(Corrects comment from NRC in last paragraph of story published June 7 on whether the leak must be reported.)
FirstEnergy can’t say for competitive reasons when it expects to complete the repair to the reactor’s coolant system or when the 913-megawatt unit will come online, Jennifer Young, a spokeswoman for the Akron, Ohio-based company said in a telephone phone interview today.
The amount of radioactive water that sprayed through the pinhole-sized leak was “relatively small” and no radiation was discharged from the plant, Young said.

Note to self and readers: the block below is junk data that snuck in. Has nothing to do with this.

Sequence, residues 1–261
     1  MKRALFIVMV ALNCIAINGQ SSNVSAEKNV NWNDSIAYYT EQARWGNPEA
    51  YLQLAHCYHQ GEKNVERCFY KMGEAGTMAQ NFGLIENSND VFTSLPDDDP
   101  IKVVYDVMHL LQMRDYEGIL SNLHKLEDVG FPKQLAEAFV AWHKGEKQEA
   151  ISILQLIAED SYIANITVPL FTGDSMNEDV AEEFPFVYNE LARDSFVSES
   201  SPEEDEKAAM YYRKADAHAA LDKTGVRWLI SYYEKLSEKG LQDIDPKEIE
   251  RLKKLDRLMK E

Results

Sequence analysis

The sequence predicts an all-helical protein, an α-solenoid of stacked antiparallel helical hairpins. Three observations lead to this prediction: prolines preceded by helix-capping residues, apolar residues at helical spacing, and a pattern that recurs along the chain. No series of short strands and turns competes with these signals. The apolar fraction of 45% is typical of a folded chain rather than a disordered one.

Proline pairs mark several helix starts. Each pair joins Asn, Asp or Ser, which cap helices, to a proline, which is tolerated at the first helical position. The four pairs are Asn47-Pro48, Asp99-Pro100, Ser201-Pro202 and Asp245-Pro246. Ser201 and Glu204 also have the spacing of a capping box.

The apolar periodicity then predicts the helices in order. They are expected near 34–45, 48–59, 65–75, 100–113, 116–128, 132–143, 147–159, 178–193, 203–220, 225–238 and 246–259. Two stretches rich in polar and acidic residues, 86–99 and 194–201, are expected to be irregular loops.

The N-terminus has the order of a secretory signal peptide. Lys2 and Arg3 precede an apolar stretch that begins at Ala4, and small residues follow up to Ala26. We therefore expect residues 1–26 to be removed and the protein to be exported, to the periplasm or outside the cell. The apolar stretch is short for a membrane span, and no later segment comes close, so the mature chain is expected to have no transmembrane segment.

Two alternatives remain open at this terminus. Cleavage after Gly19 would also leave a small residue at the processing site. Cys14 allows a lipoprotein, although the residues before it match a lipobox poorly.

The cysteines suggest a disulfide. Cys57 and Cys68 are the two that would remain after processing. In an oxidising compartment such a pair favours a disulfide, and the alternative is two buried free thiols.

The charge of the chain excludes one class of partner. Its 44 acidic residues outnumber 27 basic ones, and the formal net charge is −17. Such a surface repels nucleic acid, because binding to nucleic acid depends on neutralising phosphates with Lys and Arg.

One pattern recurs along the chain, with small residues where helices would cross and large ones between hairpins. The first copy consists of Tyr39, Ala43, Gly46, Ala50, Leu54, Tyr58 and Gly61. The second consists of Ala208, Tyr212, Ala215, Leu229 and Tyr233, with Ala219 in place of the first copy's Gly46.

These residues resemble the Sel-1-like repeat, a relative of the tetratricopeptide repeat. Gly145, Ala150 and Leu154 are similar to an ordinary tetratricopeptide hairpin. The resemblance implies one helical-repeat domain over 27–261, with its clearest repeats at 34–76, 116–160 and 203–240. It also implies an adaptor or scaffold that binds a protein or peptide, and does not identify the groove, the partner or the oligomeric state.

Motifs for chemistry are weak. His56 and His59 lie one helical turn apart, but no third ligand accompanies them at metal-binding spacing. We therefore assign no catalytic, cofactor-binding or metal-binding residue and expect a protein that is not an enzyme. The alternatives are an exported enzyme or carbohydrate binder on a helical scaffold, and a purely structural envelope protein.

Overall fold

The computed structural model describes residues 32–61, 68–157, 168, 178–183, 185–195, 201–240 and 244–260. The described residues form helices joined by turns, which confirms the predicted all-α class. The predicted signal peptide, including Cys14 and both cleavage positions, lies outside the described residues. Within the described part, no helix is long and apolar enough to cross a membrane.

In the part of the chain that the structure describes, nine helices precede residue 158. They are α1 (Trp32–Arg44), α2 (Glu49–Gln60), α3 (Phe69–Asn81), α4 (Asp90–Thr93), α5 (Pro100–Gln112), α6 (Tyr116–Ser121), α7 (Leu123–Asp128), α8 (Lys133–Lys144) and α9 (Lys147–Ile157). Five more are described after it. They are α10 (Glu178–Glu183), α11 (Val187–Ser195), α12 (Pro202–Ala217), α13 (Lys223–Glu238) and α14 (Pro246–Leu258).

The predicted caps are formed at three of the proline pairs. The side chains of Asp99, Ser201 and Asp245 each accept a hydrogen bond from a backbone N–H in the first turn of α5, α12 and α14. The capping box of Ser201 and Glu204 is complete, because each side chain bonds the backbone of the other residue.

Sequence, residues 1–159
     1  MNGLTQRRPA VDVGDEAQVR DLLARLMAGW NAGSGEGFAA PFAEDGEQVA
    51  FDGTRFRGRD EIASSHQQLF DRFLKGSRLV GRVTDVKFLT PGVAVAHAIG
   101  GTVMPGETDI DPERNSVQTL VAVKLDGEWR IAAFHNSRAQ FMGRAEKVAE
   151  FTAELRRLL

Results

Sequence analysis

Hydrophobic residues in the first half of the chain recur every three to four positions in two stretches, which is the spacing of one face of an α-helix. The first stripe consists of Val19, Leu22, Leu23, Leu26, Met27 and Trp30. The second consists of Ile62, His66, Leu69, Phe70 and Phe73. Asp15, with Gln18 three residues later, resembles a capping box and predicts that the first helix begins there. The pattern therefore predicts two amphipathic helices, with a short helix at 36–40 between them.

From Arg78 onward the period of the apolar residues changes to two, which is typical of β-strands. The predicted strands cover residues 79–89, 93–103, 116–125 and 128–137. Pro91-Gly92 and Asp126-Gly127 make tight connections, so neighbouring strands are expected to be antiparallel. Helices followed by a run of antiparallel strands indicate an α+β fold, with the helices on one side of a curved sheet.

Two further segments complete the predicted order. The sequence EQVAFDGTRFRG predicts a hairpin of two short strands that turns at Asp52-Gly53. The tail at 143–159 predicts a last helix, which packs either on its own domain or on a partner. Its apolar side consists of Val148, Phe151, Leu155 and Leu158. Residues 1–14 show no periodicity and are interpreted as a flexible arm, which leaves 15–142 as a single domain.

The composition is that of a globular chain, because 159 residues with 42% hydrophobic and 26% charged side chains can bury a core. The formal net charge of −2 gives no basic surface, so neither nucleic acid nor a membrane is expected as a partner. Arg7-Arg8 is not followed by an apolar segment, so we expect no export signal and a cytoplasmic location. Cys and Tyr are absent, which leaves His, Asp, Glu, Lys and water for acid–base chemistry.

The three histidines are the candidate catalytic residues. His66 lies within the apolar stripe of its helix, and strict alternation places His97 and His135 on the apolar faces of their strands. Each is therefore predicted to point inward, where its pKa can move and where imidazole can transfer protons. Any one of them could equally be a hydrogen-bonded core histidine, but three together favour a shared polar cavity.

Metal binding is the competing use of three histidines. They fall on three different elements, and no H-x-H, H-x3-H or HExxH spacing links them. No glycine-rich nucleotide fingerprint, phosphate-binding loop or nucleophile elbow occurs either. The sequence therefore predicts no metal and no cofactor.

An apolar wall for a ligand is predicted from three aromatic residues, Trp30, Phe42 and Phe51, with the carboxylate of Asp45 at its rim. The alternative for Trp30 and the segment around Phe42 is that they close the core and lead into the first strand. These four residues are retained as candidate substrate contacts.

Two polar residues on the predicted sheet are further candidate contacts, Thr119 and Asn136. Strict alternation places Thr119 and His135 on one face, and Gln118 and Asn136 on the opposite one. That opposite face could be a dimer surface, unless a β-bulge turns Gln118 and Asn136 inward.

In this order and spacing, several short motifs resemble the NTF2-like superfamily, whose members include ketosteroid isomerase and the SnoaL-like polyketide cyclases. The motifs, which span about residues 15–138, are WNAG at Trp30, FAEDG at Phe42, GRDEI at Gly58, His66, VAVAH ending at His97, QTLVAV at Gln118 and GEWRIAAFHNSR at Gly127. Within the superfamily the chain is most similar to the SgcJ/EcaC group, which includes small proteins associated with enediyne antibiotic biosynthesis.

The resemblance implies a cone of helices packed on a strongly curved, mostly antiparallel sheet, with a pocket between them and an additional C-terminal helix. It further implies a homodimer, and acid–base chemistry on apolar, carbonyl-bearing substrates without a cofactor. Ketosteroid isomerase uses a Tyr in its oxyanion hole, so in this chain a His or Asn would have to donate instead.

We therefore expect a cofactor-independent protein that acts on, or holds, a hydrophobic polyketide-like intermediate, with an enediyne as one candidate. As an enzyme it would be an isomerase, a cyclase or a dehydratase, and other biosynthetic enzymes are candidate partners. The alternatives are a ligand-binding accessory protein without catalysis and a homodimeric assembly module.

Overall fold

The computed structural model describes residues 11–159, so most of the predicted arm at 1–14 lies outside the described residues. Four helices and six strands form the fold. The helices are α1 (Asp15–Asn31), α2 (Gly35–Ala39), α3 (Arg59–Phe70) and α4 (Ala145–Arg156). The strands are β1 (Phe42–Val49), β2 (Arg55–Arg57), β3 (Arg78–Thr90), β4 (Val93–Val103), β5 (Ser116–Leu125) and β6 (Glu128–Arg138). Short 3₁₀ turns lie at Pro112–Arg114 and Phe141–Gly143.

Because the leak was from a pressure boundary in a system that contains the reactor and radioactive coolant, the company was required to report the incident to the U.S. Nuclear Regulatory Commission.
“When the leak was identified as coming from a pressure boundary, the plant was required to report it to the NRC, shut the plant down and fix it,” Viktoria Mitlyng, a spokeswoman for the agency in Lisle, Illinois, said in an e-mailed statement.
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